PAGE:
Lots of consideration has been paid to making downtown and Midtown more walkable and bikeable, but now a busy, car-centric area of East Memphis is getting some attention.
Last week, Livable Memphis held MEMFix East, an urban revitalization event, in the Clark Tower/Brookhaven Circle area of East Memphis with a goal of gathering opinions from people who live, work, shop, and dine there on how to make that area more pedestrian- and bike-friendly.
Livable Memphis conducted short surveys with people at that event, and for those who couldn't make it, the survey is now available on the Livable Memphis website.
"If you go behind the east side of Clark Tower, you can see where these businesses along Brookhaven Circle have created these back entryways to get onto the property without going up to Poplar and coming around," said John Paul Shaffer, program director of Livable Memphis. "There's a desire to connect these pieces that are developed separately from one another. If you look at property maps of the area, you see all these weird driving lanes that don't go through, and you have to make weird turns. It was developed in a piecemeal way."
- Livable Memphis
- Wayfinding sign from MEMFix East
Carol Gaudet works in Clark Tower, and she said she'd love to see more clearly marked pedestrian walkways. She said she often walks to neighborhood restaurants for lunch.
"In this day and age, people tend to be impatient. Pedestrians don't necessarily have the right-of-way," Gaudet said.
The Livable Memphis surveys complement a recent Blair Parker Design master plan that shows six kinds of pedestrian paths that could be built in and around the massive parking lot between Poplar, Mendenhall, Sanderlin, and White Station.
Shaffer said making the Clark Tower area more pedestrian-friendly may mean simple fixes, like adding more walkways to better connect the individual properties, adding wayfinding signs that help office workers identify restaurants and shops they can walk or bike to, and reconfiguring a few parking spaces that are currently blocking walkways.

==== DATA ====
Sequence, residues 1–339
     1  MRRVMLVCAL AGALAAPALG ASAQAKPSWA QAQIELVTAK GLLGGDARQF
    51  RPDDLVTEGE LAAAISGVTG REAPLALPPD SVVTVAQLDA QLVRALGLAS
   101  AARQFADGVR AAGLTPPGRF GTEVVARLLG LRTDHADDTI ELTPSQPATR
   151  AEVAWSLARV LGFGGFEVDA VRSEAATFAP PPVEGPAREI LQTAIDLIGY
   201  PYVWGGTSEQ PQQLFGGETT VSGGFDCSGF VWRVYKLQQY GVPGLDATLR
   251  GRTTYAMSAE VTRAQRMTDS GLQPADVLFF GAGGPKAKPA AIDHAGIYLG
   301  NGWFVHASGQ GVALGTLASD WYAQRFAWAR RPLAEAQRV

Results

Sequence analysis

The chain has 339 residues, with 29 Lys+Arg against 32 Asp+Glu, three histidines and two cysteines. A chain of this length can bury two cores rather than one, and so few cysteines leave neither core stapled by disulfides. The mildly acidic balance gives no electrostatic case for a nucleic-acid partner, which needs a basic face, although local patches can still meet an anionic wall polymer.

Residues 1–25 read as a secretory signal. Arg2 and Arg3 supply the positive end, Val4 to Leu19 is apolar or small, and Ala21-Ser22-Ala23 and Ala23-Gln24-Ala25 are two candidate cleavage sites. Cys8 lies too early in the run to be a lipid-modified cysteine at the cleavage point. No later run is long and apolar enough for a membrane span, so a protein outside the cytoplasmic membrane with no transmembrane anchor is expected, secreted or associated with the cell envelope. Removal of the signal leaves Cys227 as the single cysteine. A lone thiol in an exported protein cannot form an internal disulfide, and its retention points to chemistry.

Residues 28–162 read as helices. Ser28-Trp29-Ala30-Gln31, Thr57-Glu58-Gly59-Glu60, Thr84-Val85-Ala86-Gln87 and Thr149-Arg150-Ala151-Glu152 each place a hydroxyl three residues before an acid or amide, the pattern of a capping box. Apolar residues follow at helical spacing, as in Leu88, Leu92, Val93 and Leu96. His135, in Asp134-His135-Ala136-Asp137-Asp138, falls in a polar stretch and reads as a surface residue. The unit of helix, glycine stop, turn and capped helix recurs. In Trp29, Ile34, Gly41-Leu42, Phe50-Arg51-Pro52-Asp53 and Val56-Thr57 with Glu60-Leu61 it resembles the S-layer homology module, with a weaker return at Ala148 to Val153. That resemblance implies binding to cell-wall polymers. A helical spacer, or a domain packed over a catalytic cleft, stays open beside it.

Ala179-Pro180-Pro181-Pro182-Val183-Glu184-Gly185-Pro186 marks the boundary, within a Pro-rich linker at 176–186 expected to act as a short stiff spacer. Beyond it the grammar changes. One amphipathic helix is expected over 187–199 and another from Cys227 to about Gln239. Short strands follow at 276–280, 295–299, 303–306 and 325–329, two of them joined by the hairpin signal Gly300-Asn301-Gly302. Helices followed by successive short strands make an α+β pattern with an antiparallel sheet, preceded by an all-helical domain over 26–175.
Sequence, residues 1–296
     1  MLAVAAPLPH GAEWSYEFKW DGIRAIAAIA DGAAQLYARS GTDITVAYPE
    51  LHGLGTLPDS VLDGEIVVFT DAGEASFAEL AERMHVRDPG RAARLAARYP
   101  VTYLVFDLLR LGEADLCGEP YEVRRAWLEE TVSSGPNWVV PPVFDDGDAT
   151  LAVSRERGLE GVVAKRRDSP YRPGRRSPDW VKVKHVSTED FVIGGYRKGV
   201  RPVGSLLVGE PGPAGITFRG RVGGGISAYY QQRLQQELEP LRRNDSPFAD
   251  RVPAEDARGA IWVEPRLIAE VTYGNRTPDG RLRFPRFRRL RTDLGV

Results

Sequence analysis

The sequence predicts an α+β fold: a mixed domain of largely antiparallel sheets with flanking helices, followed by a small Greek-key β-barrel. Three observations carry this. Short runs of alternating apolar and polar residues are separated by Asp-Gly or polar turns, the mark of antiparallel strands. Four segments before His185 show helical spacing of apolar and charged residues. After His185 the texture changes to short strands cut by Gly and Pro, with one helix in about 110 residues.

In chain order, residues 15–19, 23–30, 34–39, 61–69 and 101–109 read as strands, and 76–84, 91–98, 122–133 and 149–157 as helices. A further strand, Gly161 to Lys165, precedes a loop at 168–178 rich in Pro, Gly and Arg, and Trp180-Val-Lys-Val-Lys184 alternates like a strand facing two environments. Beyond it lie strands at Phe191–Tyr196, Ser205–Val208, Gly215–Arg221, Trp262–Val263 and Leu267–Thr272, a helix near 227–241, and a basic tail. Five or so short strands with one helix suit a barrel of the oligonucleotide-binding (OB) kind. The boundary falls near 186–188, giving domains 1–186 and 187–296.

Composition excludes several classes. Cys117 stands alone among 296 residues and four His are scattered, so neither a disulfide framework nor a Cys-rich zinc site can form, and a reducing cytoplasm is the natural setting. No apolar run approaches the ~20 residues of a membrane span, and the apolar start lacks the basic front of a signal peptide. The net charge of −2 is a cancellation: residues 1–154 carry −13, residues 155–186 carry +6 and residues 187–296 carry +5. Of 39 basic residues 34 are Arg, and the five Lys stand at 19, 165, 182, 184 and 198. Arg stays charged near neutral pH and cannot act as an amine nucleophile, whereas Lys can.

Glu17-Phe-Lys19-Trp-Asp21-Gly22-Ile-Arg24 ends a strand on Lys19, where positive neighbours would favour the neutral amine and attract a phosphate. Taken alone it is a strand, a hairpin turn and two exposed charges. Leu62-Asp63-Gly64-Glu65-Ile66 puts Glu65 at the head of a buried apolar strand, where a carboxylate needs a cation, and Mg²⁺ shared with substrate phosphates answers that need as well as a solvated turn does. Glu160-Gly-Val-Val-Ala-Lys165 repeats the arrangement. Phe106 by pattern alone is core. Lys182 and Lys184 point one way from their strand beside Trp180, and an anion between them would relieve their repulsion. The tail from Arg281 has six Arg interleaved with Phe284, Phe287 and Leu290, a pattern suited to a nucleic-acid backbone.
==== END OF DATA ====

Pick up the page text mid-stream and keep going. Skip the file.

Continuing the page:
"In some cases, a parking spot here or there is blocking a pedestrian entrance, so we could just move that out and make the pedestrian access more visible," Shaffer said. "That was the case between the iBank Tower and Whole Foods. There was a parking space at the top of the new stairs by the patio. That spot got removed, and now you can see a clear path to walk to Whole Foods."
Once the results are in, Livable Memphis will turn them over to the property owners in that area, and any changes would fall to them. Clark Tower and iBank Tower owner and president of Florida-based In-Rel Properties Dennis Udwin is completely on board with making his property more walkable.
"As an owner, I have a stewardship and an obligation to the city of Memphis," Udwin said. "If you look at some of the things that have happened, like the Whole Foods coming in and the Houston's, the Malco, the [Double Tree] hotel, and this restaurant area in [Brookhaven Circle]. I think it's time to pull the area together and make it more pedestrian-friendly and cycle-friendly.
"[We can do that with] pedestrian walkways, better lighting, better signage, more landscaping. If you look at that parking lot, it's just a mass of asphalt. It should be softened, and it can be done with color, benches, landscaping, and fountains," Udwin continued.
Udwin said the 35-story Clark Tower has a 65 percent occupancy rate, and the 22-story iBank Tower is 85 percent occupied. He thinks making the area more walkable and bikeable could improve occupancy.
Udwin is also currently pouring about $8 million into renovations at Clark Tower that include painting the exterior and renovating the elevators, lobby, and some of the restrooms.